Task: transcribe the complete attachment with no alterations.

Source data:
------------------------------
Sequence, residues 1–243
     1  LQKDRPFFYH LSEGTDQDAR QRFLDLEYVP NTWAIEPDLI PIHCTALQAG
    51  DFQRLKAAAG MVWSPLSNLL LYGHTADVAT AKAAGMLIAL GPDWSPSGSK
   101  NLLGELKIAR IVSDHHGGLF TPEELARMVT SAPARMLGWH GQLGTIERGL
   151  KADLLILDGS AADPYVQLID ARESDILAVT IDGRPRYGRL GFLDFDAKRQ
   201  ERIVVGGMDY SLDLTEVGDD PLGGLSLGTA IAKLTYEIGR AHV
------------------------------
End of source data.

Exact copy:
Sequence, residues 1–243
     1  LQKDRPFFYH LSEGTDQDAR QRFLDLEYVP NTWAIEPDLI PIHCTALQAG
    51  DFQRLKAAAG MVWSPLSNLL LYGHTADVAT AKAAGMLIAL GPDWSPSGSK
   101  NLLGELKIAR IVSDHHGGLF TPEELARMVT SAPARMLGWH GQLGTIERGL
   151  KADLLILDGS AADPYVQLID ARESDILAVT IDGRPRYGRL GFLDFDAKRQ
   201  ERIVVGGMDY SLDLTEVGDD PLGGLSLGTA IAKLTYEIGR AHV